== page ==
Revising a sub-claim

Parenting Help: How Forums Provide a Much Needed Respite

Parents whose kids have behavioral issues and/or mental illnesses face even more difficulties in addition to the “normal” challenges of raising a child, but they have found peer support online through forums and Facebook groups. These peer connections are crucial because, when a child diagnosed with Attention Deficit/Hyperactive Disorder (ADHD) is not doing well in school, for example, the blame is very often put on mothers. In addition, because of the nature of their children’s issues, moms are often perceived as too lenient or just bad parents (Mash & Wolfe, 2015). In reality, ADHD has several etiologies and only one of them is related to parenting, but unfortunately that is not common knowledge. Society then often stigmatizes and ostracizes families dealing with ADHD and other behavioral disorders such as Oppositional Defiant Disorder (ODD). Thus, these moms frequently find themselves without support from relatives, neighbors and teachers, making their situation even more desperate.

So, it should come as no surprise that these parents are naturally eager to receive any kind of support, even if it is online. Sociology Professor Juanne N. Clarke and her colleagues Gudrun Van Ameron and Laura Lang from the Wilfrid Laurier University in Waterloo, Canada, have conducted two discourse analyses studies in three blogs dedicated to ADHD and a helping forum dedicated to ODD. Professor Clarke and her colleagues examined the content, wording and overall tone of the posts in these two platforms, looking for patterns in discourses and analyzing how users usually responded to each other. The researchers found that the vast majority of users in all blogs and the forum are mothers, and that “it is to the blog these mothers go to get information and support.” Another common type of thread is a parent relating his or her child’s newly founded diagnosis, normally expressing despair and the struggle to come to terms with it. The studies have also found that parents constantly “reinforce to one another that they are not to blame, that others don’t understand and that (with blog support) they are not alone.” Clearly, these parents rely on these communities to find support on a daily basis.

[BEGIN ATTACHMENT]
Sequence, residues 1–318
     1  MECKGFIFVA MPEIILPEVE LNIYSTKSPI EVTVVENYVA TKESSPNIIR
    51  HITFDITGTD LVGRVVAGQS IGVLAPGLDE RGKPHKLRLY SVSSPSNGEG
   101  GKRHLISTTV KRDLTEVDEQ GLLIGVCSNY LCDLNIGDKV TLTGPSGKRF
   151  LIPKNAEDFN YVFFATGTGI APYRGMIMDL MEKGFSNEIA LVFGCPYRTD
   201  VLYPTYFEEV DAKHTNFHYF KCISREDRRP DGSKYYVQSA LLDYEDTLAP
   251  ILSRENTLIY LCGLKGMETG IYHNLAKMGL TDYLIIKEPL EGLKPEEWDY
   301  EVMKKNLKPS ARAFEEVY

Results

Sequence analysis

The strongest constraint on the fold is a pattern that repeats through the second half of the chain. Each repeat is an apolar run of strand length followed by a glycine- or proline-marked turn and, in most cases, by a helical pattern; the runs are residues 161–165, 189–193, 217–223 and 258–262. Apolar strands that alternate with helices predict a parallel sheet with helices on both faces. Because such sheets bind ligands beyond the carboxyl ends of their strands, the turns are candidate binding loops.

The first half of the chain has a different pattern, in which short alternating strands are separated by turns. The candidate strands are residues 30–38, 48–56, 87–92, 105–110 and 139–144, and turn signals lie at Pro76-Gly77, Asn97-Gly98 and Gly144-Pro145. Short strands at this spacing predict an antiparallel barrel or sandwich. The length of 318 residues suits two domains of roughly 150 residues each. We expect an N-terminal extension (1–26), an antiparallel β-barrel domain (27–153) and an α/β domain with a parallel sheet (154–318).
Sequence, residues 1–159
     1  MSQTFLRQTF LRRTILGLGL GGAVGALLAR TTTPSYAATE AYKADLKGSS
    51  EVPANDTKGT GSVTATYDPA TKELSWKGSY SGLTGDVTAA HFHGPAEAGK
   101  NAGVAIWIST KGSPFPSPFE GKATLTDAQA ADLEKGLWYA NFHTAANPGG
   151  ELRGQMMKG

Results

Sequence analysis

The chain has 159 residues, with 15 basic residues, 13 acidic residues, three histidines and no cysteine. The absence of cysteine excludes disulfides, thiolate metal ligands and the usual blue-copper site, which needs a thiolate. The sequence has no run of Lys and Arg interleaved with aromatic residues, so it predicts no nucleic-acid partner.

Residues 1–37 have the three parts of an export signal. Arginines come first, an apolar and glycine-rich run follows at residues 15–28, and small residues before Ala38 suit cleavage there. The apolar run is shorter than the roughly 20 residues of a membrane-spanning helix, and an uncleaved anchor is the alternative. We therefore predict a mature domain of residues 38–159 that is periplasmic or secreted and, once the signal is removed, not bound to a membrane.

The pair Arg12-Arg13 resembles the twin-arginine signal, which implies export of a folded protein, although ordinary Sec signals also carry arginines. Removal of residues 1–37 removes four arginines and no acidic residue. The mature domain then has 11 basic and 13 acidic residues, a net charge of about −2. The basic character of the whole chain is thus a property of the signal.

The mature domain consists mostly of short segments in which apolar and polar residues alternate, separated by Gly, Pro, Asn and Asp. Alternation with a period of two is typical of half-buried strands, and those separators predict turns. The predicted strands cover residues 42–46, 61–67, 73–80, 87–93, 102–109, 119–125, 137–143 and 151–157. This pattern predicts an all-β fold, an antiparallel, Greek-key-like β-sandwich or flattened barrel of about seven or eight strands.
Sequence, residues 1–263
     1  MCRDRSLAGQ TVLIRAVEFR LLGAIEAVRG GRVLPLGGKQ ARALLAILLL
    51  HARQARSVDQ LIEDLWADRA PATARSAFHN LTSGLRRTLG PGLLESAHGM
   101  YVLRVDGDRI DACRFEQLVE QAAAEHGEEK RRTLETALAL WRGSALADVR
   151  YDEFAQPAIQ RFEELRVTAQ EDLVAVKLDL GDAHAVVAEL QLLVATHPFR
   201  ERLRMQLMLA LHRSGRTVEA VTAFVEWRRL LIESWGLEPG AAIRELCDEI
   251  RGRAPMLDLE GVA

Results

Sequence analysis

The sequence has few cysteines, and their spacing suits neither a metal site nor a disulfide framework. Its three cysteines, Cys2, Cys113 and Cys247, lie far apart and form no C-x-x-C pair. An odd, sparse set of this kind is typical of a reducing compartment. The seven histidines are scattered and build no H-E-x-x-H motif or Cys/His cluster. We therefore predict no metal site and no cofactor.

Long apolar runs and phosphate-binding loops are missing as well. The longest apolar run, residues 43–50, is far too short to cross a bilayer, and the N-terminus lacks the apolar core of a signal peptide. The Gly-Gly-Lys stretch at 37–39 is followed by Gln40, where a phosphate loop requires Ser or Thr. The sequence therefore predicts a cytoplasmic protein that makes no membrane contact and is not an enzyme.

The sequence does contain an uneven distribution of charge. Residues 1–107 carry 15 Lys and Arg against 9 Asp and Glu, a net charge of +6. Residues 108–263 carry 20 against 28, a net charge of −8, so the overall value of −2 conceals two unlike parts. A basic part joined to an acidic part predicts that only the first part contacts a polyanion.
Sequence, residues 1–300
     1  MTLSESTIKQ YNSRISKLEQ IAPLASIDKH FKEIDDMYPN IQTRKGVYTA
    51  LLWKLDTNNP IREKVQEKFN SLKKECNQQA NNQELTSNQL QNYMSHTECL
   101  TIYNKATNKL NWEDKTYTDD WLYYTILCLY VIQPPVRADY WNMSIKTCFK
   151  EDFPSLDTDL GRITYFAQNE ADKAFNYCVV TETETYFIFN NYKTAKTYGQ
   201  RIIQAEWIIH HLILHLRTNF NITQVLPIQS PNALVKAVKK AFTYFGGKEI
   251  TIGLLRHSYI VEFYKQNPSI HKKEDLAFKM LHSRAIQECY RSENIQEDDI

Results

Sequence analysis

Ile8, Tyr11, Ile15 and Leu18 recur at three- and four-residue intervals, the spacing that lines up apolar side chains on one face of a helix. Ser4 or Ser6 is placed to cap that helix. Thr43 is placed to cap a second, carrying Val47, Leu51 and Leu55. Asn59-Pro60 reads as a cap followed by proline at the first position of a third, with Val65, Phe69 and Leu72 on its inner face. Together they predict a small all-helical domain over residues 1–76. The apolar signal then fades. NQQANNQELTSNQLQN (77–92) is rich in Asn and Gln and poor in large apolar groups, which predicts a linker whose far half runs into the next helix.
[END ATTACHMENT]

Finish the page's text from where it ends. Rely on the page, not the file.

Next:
With the popularization of Facebook, several forums (including the ones Dr. Clarke and her colleagues examined) have migrated from independent websites to Facebook groups, most likely because it is more convenient for users to participate. There’s no need for two separate logins, and since most adults are already on Facebook, it is easier to aggregate people with a common interest. A search on Facebook shows there are several support groups, communities and pages for parents of children with ADHD, and one of the most popular is ADHD Kids Care – Support Group For Parents, with more than 30,000 “likes.” On this community, users can submit questions anonymously to the moderators, who then post the question on the page.

Facebook groups such as ADHD Kids Care allow parents to protect their privacy while providing users with peer support and information.